Objectives: The aims of this assignment are to (a) identify a specific food just

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Objectives: The aims of this assignment are to (a) identify a specific food justice challenge that communities around the country are currently facing (food deserts, health challenges connected to food insecurity, sustaining public school food programs, contradictions of SNAP funding, etc) and research some of the strategies local communities have taken to address those challenges; (b) locate and analyze both current journalism about this issue and peer-reviewed/data- based research that helps to explain the deeper history of that problem, and (c) synthesize 6 sources in a coherent and original argument about that issue. Your audience for this report will include your peers, other scholars who research food justice (such as Monica White, Eric Holt-Giménez, or Teresa Mares), but may also include professionals at community-based organizations committed to hunger mitigation (such as Lifeboat Boston), or policy makers trying to address new challenges to food security and food waste management that have been amplified during the pandemic.
Writing an effective and interesting argument essay will require you to build upon the skills you have developed in shorter assignments and the previous paper: you should be able to summarize briefly the basic content of each article or source, you will apply reading skills of critique and analysis to each author’s argument, identifying the key terms and concepts from each source that will allow you to find connections among those sources, and you will apply concepts from the theoretical models / infographics to develop your own thesis statement. You will carefully select brief quotations from each of those sources, integrate them clearly into your argument, offer proper parenthetical citation at the end of the sentence, and submit a References page formatted in APA Style.
Assignment: Write a 5–6 page (1400–1600 words) Argument Paper on the specific Research Focus you developed through the collaborative process of researching and sharing articles on your Team’s Research Archive page (you may also use research posted by students in other groups). You should develop your argument using six (6) articles, including these types of sources (note which ones are *required v. optional):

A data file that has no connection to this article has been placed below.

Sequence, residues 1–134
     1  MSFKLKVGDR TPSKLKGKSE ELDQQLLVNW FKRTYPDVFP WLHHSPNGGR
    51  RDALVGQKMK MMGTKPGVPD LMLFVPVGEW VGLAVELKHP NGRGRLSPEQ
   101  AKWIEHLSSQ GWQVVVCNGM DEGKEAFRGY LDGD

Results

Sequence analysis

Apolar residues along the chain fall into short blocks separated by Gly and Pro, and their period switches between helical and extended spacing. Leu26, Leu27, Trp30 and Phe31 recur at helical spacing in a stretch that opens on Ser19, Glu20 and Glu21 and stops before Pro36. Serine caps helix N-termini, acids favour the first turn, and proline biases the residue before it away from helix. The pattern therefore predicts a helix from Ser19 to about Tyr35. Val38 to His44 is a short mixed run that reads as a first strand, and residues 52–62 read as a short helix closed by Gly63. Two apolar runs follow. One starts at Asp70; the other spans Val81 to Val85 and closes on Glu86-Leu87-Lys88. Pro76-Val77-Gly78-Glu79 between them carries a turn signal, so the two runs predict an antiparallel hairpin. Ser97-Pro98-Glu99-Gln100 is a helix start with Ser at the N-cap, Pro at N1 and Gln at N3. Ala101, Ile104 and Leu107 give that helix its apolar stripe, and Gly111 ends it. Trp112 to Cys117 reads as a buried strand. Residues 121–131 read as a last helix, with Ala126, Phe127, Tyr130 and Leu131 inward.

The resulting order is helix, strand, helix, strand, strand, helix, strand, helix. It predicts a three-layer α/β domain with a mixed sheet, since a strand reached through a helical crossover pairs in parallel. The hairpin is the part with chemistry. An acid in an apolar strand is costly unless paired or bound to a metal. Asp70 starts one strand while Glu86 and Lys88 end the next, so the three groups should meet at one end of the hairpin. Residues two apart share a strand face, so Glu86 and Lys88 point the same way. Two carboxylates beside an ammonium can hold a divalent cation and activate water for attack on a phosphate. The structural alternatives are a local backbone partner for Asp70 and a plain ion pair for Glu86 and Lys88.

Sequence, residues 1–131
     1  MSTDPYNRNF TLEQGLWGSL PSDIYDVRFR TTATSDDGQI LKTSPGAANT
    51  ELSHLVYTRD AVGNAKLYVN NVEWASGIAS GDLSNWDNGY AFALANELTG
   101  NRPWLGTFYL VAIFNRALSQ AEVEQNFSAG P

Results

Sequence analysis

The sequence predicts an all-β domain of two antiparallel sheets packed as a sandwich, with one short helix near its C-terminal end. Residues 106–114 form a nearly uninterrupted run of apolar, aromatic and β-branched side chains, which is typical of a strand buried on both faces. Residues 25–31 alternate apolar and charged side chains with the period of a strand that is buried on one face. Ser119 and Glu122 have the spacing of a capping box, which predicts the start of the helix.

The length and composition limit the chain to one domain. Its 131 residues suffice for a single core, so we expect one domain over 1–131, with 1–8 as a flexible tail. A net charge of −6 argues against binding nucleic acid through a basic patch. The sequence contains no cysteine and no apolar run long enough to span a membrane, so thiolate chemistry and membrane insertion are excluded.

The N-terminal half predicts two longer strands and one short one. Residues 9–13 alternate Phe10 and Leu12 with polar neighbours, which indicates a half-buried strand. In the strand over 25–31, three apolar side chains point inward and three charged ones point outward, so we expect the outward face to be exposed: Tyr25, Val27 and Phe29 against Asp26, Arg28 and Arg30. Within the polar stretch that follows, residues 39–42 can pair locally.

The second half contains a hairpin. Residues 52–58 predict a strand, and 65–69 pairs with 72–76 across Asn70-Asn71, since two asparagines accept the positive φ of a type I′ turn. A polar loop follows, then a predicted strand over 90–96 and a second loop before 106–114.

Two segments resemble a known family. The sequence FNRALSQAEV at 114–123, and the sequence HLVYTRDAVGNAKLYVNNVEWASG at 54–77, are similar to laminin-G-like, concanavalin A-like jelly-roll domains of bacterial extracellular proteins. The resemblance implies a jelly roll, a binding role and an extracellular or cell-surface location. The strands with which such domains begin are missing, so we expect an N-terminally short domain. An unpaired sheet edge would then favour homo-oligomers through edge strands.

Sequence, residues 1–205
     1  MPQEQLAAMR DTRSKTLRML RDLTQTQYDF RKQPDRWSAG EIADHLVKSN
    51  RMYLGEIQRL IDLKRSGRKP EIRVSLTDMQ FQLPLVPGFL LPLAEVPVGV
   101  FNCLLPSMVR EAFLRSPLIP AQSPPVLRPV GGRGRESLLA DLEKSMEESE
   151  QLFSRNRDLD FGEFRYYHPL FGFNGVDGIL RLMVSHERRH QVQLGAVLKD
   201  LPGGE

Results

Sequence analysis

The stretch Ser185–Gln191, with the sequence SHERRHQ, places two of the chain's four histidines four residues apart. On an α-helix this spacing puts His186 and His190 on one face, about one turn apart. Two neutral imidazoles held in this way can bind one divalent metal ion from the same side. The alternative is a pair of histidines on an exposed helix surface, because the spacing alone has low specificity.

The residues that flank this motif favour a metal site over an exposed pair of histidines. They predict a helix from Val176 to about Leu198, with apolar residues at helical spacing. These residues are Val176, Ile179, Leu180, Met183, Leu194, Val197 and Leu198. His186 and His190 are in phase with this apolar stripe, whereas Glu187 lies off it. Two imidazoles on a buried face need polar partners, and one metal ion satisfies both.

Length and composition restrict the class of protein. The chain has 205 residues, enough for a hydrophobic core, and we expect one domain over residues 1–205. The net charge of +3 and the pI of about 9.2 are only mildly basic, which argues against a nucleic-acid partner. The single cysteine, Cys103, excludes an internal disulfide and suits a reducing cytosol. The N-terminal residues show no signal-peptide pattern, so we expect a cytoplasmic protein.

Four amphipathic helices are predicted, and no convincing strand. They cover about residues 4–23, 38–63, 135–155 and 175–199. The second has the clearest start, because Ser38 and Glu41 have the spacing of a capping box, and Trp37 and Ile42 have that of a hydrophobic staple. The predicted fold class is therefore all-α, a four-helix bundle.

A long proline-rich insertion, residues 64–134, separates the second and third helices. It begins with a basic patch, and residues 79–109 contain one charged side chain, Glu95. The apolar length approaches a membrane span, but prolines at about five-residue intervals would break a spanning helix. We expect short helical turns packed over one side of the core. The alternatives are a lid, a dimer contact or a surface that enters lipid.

(a) popular print discourse: articles from major weekly or monthly magazine (Atlantic Monthly, Nation, The New Republic and others) or in-depth (~800+ words) articles from a major national newspaper (Los Angeles Times, New York Times, Washington Post, Wall Street Journal); avoid shorter Op-Ed columns which are interesting but less helpful; focus on articles that have edited content. Note that it is ok to use a source that is not a traditional print source, but just check in with me about that. For example, articles or blog entries from edibleBOSTON are also suitable popular sources.
(b) academic peer-reviewed / data-based discourse (*at least 1 required): one major article (minimum of 3000 words or 8 pp.) from a peer-reviewed journal or a chapter from an academic book; use the research exercises posted previously on your Research Archive page to identify each article as peer-reviewed; these articles and chapters also have edited content.
(c) book chapter /course readings (*at least 1 required): review the chapters we have been reading during the past 4 weeks and choose at least one that provides you with concepts and background information that support your analysis (check those lists of key terms and concepts for guidance about which articles to use).
(d) professional/trade publication, advocacy organization, or government website (*optional): these formal sources should include clearly documented research sources (footnotes, many academic References at the end) and substantive information about your topic. Some are similar in length and content to academic or peer-reviewed sources; while these articles sometimes have edited content, others may focus more on translating advanced research for a more general reader or compiling many sources for reference.
Potential sources linked below:
Alviola, P. A., Nayga, R. M., & Thomsen, M. (2012). Food Deserts and Childhood Obesity. Applied Economic Perspectives and Policy, 35(1), 106–124. https://doi.org/10.1093/aepp/pps035
Birch, L. L. (2009, April 13). Preventing childhood obesity: what works? International Journal of Obesity. Retrieved June 29, 2021, from https://www.nature.com/articles/ijo200922?error=cookies_not_supported&code=7326b2c0-c932-417c-b5ed-0fc1ca09cc64
Flora, C. B., & Gillespie, A. H. (2009). Making Healthy Choices to Reduce Childhood Obesity: Community Capitals and Food and Fitness. Community Development, 40(2), 114–122. https://doi.org/10.1080/15575330903001430
A Longitudinal Study of Food Insecurity on Obesity in Preschool Children. (2012, December 1). ScienceDirect. Retrieved June 29, 2021, from https://linkinghub.elsevier.com/retrieve/pii/S2212267212015146
O’Connor, A. (2021, May 7). How Food Affects Mental Health. The New York Times. Retrieved June 1, 2021, from https://www.nytimes.com/2021/05/06/well/eat/mental-health-food.html?searchResultPosition=10
Thomsen, M. R. (2016, January 1). The Effect of Food Deserts on the Body Mass Index of Elementary Schoolchildren. Wiley Online Library. Retrieved June 29, 2021, from https://onlinelibrary.wiley.com/doi/full/10.1093/ajae/aav039?saml_referrer

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